We live in such an instant gratification world these days. When a commercial comes on, people check their phones to avoid any boredom. Some only watch highlights instead of the entire game. I do not exclude myself from this category. When I was ten years old, my mom wanted to gift me a Denver Broncos jersey. I was ecstatic and could not wait for a second to get that jersey in my hands. My favorite players were Rod Smith and Al Wilson, but there were no available jerseys at the time. The only available jersey was quarterback Jay Cutler. So since I knew I could have his jersey immediately, my mom got me that Cutler jersey. Big mistake. Jay Cutler now holds profound disdain among the Broncos community, while Rod Smith and Al Wilson are some of the Bronco greats.

Our desire to delay gratification is an issue for another time, but it can closely relate to the sporting world. There are many misconceptions some have about 1st round picks. One of them is that their draft status should correlate to All-Star caliber production in the future. In an ideal world, that would be the case; however, the chances of landing an All-Star player are as slippery as an eel. According to a 2019 study done by PDG-Analytics.com, the probability of drafting an All-Star was 10.1%.

Besides, the Nuggets took Kenneth Faried with the 22nd pick of the 2011 NBA draft, and although he was never a star player, I don’t think many Nugget fans regret that pick entirely. In my opinion, Zeke Nnaji could be in a similar situation as he works to improve further. He was drafted 22nd overall in the 2020 draft with hopes to be the future power forward. Now, we fast forward to 2022, and the starting lineup, when healthy, consists of Michael Poreter Jr. and Aaron Gordon. At this point, the Nuggets desperately need a dependable role player off the bench, and I think they have one in Zeke Nnaji.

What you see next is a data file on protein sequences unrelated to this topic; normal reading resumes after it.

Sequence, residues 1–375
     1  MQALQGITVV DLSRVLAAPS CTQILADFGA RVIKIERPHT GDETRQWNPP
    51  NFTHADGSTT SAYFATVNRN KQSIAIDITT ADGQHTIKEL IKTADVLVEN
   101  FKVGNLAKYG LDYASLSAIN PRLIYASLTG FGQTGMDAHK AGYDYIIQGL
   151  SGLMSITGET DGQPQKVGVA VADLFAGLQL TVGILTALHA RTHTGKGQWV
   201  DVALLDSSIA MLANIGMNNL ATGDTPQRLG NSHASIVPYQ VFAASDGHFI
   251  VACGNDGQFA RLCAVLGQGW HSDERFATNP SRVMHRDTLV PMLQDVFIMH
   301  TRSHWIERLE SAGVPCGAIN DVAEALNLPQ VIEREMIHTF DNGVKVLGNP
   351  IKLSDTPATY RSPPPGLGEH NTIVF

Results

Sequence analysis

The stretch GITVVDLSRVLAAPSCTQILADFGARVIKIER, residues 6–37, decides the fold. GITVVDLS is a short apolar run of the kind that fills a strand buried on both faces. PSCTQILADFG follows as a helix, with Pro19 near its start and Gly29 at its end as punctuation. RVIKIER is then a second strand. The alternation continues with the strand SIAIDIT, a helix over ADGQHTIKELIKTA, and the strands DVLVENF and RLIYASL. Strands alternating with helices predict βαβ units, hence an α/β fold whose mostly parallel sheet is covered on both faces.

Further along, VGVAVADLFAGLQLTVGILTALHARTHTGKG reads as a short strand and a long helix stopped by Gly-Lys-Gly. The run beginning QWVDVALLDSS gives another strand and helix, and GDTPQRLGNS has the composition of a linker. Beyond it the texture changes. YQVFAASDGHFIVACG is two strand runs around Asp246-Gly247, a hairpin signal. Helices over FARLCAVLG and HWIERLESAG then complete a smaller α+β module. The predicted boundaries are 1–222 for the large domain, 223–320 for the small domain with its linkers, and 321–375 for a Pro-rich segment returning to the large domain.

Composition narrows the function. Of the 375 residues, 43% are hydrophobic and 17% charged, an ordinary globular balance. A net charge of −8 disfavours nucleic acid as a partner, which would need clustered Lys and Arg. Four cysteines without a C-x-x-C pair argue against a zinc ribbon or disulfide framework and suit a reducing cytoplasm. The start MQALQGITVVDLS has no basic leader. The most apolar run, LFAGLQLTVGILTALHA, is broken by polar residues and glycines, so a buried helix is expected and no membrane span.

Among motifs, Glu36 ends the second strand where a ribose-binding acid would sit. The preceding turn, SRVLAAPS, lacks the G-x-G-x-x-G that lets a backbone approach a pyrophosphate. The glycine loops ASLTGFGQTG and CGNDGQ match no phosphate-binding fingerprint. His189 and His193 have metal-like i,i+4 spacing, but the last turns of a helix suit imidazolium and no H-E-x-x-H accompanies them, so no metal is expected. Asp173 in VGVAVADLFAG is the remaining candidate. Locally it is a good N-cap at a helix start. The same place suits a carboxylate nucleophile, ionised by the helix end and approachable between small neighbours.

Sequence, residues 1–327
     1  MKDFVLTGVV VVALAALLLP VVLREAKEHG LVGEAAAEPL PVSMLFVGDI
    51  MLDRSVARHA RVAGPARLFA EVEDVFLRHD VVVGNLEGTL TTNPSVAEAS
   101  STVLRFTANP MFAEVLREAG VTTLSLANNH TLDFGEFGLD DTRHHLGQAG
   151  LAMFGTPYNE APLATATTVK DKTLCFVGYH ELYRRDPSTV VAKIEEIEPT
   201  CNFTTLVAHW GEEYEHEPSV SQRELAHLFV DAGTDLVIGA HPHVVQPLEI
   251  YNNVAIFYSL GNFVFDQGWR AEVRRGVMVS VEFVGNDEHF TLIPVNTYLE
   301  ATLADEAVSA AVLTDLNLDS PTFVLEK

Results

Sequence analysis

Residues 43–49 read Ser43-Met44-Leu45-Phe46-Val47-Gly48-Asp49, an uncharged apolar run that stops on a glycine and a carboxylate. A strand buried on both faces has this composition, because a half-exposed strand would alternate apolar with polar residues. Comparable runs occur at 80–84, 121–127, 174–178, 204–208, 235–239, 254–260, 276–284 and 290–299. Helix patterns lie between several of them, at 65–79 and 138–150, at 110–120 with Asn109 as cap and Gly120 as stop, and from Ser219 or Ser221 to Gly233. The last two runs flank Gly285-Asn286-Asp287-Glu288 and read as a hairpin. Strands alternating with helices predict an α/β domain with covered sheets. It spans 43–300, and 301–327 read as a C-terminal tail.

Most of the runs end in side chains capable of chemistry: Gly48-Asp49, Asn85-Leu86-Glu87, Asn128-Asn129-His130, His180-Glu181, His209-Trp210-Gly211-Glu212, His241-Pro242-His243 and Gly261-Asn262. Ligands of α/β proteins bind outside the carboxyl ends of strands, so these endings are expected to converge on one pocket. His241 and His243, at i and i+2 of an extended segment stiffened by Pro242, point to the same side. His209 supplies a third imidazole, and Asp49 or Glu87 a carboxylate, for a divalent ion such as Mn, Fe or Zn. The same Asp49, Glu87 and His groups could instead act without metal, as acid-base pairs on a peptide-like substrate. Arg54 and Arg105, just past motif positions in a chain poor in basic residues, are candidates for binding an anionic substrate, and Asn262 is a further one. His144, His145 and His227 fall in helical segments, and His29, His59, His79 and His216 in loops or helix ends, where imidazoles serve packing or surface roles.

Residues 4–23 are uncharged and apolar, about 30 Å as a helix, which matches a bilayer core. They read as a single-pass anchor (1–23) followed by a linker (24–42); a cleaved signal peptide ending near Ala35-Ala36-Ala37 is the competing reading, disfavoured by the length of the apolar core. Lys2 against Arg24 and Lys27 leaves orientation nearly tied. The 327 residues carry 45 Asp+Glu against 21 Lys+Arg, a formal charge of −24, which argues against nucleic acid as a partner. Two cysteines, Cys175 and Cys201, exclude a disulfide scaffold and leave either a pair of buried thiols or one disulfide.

Michael Malone appears to feel the same way. On January 15th, coach Malone gave several quotes on his impressions of Zeke Nnaji this year. They are arranged in this Twitter thread:

Nnaji’s stats are somewhat limited by his opportunities and those who play ahead of him like Aaron Gordon and Jeff Green. He has played in 33 games this year, averages 15.3 minutes, 6.5 points, and 3.5 rebounds. Those numbers won’t astonish you, but his shooting percentages might. He is shooting 53% from the field, 50.8% from three, and has an effective field goal percentage of 63.8%. He only shoots about two threes a game, but he leads the league in three-point percentage for players with 30+ games played and over one attempt per game.